United States District Court, E.D. North Carolina, Western Division
TERRENCE W. BOYLE CHIEF UNITED STATES DISTRICT JUDGE
matter is before the Court on the parties' cross-motions
for summary judgment. [DE 17, 20]. Both motions have been
fully briefed and are ripe for disposition. For the reasons
that follow, plaintiffs motion for summary judgment [DE 17]
is denied without prejudice and defendant's motion for
summary judgment [DE 20] is granted in part and denied
without prejudice in part.
is an Ohio insurance company, licensed to operate in North
Carolina. [DE 2, ¶ 2]. Defendant is a Nevada limited
liability company. Id. ¶ 5. In February 2018,
plaintiff issued an insurance policy to Memento Mori LLC in
North Carolina. Id. ¶¶ 8-9. In March 2018,
defendant was added to the insurance policy as an additional
named insured. Id. ¶ 10.
insurance policy provides that plaintiff will "pay those
sums that the insured becomes legally obligated to pay as
damages because of 'personal and advertising injury,
'" and that plaintiff "will have the right and
duty to defend the insured against any 'suit' seeking
those damages." Id. ¶ 12; DE 2-1, p. 140.
The policy further provides, however, that plaintiff will
have no duty to defend in such suits if the policy is
otherwise inapplicable. Id. Two exclusions are
therefore relevant. First, the insurance policy does not
apply to '"[p]ersonal and advertising injury'
caused by or at the direction of the insured with the
knowledge that the act would violate the rights of another
and would inflict 'personal and advertising'
injury." Id. This is the "Knowing
Violation of Rights of Another" exclusion. Id.
Second, the insurance policy does not apply to
'"[p]ersonal and advertising injury' arising out
of oral or written publication, in any manner, of material,
if done by or at the direction of the insured with knowledge
of its falsity." Id. This is the "Material
Published With Knowledge of Falsity" exclusion.
September 2018, two plaintiffs initiated an action against
defendant in the Eighth Judicial District Court in Clark
County, Nevada. [DE 2, ¶ 13; DE 2-2]. The Nevada
plaintiffs allege that defendant, in connection with an
attempt to obtain financing for its acquisition of hotel
property in Nevada, published a five-page document that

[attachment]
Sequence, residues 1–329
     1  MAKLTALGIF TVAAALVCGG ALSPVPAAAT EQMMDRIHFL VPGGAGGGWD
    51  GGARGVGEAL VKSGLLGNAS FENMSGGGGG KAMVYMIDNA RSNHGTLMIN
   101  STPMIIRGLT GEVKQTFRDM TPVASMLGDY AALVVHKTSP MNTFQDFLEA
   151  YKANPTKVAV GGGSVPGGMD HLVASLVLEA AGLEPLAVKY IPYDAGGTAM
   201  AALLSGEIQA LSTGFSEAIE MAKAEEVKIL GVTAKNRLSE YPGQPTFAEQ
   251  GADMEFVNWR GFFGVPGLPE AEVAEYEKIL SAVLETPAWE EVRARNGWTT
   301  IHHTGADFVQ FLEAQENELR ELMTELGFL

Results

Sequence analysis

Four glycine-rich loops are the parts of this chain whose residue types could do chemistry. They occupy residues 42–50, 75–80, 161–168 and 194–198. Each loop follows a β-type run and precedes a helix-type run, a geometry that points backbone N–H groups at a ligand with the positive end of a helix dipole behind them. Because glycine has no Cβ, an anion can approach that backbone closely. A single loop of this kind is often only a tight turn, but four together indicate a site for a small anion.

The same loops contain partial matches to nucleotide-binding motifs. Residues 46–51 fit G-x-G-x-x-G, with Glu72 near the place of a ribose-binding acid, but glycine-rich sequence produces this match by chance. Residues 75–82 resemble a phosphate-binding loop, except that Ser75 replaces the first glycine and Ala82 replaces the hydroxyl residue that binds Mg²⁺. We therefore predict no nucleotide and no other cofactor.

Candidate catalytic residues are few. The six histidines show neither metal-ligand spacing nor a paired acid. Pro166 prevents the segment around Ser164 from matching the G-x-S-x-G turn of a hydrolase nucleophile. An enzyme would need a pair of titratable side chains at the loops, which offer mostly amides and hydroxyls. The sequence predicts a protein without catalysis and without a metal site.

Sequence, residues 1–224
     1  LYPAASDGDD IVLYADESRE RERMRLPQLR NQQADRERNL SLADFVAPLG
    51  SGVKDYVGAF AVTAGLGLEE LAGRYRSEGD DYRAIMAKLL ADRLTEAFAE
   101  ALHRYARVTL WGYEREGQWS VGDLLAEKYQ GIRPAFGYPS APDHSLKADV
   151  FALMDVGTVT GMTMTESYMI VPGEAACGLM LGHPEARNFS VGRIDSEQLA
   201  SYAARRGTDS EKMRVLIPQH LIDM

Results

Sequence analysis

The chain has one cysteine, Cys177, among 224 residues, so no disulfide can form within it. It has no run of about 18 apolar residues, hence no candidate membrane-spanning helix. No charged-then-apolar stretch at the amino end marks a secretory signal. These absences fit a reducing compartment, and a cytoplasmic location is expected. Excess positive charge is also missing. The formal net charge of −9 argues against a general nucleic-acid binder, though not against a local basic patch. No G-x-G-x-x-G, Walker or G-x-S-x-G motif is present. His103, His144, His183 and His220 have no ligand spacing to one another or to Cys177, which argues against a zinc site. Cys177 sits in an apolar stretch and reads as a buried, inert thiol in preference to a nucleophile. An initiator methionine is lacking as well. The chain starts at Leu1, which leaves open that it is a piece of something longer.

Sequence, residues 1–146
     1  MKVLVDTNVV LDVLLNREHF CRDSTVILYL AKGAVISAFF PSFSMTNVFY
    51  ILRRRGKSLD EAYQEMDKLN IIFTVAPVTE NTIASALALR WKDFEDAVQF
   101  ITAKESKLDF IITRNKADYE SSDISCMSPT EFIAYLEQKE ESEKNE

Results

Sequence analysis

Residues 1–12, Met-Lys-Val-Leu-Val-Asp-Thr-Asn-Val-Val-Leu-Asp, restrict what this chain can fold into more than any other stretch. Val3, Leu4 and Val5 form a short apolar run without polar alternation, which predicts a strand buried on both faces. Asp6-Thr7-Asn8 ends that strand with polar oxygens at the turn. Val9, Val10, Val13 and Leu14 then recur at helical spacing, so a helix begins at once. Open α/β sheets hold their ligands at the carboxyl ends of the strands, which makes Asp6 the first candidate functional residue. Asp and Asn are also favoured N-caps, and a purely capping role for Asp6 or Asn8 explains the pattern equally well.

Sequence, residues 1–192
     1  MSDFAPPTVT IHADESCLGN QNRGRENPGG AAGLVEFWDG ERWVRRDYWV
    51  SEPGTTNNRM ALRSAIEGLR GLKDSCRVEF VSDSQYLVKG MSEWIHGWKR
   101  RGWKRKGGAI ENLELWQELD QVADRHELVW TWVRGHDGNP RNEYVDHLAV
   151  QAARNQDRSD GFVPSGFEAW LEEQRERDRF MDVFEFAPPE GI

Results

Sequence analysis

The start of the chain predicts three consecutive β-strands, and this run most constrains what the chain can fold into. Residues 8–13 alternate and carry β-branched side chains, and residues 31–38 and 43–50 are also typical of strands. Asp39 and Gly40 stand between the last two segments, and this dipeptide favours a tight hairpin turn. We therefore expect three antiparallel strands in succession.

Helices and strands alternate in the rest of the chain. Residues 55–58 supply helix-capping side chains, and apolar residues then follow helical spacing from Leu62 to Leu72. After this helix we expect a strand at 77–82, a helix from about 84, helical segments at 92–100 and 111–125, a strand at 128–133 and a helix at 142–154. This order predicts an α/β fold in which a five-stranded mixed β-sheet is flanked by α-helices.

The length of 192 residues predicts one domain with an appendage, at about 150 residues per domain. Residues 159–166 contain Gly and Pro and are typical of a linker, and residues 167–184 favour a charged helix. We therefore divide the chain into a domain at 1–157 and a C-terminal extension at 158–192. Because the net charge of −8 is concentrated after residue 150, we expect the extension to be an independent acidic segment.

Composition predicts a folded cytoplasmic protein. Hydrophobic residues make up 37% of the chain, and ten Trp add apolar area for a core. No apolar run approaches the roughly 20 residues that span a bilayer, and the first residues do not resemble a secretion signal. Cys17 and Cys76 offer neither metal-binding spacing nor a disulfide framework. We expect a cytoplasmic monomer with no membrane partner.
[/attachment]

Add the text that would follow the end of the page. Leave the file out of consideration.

included "numerous false and defamatory statements"
about the Nevada plaintiffs. [DE 2, ¶ 15; DE 2-2,
¶¶ 14-19]. The Nevada plaintiffs alleged that
defendant published the statements "with reckless
disregard for the truth of the statements." [DE 2-2,
¶ 24]. The Nevada plaintiffs asserted a cause of action
against defendant for business disparagement under Nevada
law, which both parties agree alleges a "personal and
advertising injury" that would seem to fall within the
scope of the insurance policy. [DE 2, ¶ 16].
issue is whether either of the two exclusions-Knowing
Violation of Rights of Another or Material Published With
Knowledge of Falsity-relieves plaintiff of its obligation to
defend and indemnify defendant in the Nevada action.
Plaintiff brought this declaratory judgment action in
November 2018, asking this Court to declare that it is not
obligated to defend or indemnify defendant in the Nevada
action. Id. ¶¶ 32-37. In May 2019,
plaintiff moved for summary judgment, arguing that both
exclusions apply and that it need not defend or indemnify
defendant in the Nevada action. [DE 17]. Defendant also moved
for summary judgment, asking the Court to declare that the
exclusions do not apply. [DE 20]. Defendant has since
recognized that summary judgment in its favor as to whether
plaintiff has a duty to defend, given that the issue of
indemnification cannot be settled until the Nevada action has
been resolved. [DE 26, p. 3].
motion for summary judgment may not be granted unless there
are no genuine issues of material fact and the movant is